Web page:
Section 1 – Tax System
Income Tax Returns
Administration of the tax laws is based on a system of self-assessment, which means that every taxpayer is required to file an income tax return every year if:
- There is income tax payable or a refund is claimed;
- He/she and his/her spouse elected to split pension income;
- He/she realized a taxable capital gain or disposed of a capital property;
- He/she incurred a capital loss that can be applied in a subsequent year or deducted a capital gains reserve in the preceding year;
- He/she has to repay all or a portion of OAS or EI benefits received;
- He/she has not repaid all amounts withdrawn from an RRSP in connection with the HBP or the Lifelong Learning Plan;
- He/she is claiming a refund or a refundable tax credit (including the GST/HST credit) or wants to transfer the unused portion of his/her non-refundable tax credits to his/her spouse (see Section II);
- He/she wants to receive the CCB and the CAP;
- He/she wants to carry forward unused tuition fees to a future year;
- He/she has “earned income” for RRSP purposes and wants to update his/her maximum deductible for RRSP purposes;
- He/she has to make CPP/QPP contributions on self-employment or employment income, or EI contributions on self-employment income or other eligible income if he/she has elected to do so;
- He/she has to make a contribution in Quebec to the QPIP, HSF or QPPDIP;
- He/she has to make an additional contribution in Quebec for subsidized childcare (see Section II);
- The taxpayer or his/her spouse wants to receive the housing allowance or the solidarity tax credit (Quebec);
- In the last year, he/she received advance payments of a tax credit or benefit or the work premium;
- He/she operates an individual business and must pay annual registration fees for the Quebec enterprise register;
- He/she is the beneficiary of a trust that is resident in Canada but outside Quebec (Quebec).
Income tax returns must be filed no later than April 30 following the taxation year in question (June 15 if the taxpayer or his/her spouse is reporting business income). If April 30 (June 15) falls on a statutory holiday Saturday1 or Sunday, the returns have to be filed on the first working day thereafter. If returns are filed late, the taxpayer is subject to a 5% penalty charged by both governments on the balance unpaid as at April 30 and an additional penalty of 1% for each full month it is late, up to 12 months. The penalty may be more for repeat offenders.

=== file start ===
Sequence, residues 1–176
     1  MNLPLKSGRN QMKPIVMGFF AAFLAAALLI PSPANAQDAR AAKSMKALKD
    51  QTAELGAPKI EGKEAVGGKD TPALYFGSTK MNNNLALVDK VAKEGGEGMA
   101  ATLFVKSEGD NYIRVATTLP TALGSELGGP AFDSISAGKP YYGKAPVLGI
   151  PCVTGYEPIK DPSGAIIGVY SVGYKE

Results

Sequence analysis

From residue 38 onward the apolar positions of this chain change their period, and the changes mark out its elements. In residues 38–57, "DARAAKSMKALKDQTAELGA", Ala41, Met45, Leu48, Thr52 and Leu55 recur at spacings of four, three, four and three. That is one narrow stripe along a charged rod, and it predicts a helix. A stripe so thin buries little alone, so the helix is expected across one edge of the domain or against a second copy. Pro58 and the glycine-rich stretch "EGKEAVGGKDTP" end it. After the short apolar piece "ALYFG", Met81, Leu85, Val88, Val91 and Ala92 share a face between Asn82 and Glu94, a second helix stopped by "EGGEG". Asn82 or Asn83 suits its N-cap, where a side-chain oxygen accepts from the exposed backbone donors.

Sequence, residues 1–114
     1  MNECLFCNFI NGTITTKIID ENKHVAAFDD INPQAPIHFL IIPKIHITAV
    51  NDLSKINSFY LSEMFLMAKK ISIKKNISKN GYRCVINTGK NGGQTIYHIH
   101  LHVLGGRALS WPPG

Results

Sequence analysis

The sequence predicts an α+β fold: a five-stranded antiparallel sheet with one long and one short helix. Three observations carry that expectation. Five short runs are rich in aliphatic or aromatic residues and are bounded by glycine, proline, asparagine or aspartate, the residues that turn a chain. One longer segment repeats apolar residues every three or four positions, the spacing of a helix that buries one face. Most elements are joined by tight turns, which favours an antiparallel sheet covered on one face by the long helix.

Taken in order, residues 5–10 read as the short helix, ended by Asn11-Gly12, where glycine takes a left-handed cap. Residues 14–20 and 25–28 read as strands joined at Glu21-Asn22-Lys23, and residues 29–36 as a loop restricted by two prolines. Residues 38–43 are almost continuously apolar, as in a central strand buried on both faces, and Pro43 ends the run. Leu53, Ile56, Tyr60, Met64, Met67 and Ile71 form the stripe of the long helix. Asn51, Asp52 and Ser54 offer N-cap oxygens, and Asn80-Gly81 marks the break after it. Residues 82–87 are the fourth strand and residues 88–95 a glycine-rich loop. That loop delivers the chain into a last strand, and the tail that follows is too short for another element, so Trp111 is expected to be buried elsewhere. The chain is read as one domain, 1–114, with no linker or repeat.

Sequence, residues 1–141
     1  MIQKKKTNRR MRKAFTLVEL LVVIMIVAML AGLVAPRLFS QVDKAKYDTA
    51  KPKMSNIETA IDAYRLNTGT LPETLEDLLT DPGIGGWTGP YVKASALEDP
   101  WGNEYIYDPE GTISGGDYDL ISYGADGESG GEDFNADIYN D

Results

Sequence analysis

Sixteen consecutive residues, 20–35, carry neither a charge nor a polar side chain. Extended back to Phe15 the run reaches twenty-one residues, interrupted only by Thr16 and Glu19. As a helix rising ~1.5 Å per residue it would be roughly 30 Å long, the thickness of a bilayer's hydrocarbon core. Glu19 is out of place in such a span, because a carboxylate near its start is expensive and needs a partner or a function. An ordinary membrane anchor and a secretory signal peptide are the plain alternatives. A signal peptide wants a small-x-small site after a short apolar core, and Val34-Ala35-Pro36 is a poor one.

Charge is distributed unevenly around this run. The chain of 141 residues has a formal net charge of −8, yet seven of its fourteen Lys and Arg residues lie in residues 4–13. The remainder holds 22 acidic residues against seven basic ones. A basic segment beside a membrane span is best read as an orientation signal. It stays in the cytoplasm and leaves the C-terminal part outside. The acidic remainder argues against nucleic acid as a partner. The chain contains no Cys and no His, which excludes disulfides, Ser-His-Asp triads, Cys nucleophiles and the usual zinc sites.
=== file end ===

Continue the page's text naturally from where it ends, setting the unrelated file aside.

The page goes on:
File your income tax return within the prescribed times even if you are unable to pay the balance owing in order to avoid late filing penalties and delaying the payment of certain income-based benefits.
Persons who file more than ten income tax returns per year for compensation are required to submit their returns electronically.
1 Although Saturday is not considered a holiday, the authorities generally treat it as such administratively.
The CRA offers a secure service which allows individuals to automatically fill-in parts of their income tax return. The information is taken from tax information slips filed for the individual and information available in the CRA’s files. The ARQ has a similar service: Consulting Tax Data.
This document has been updated on August 31st, 2018 and reflects the state of the Law, including draft amendments, at that date.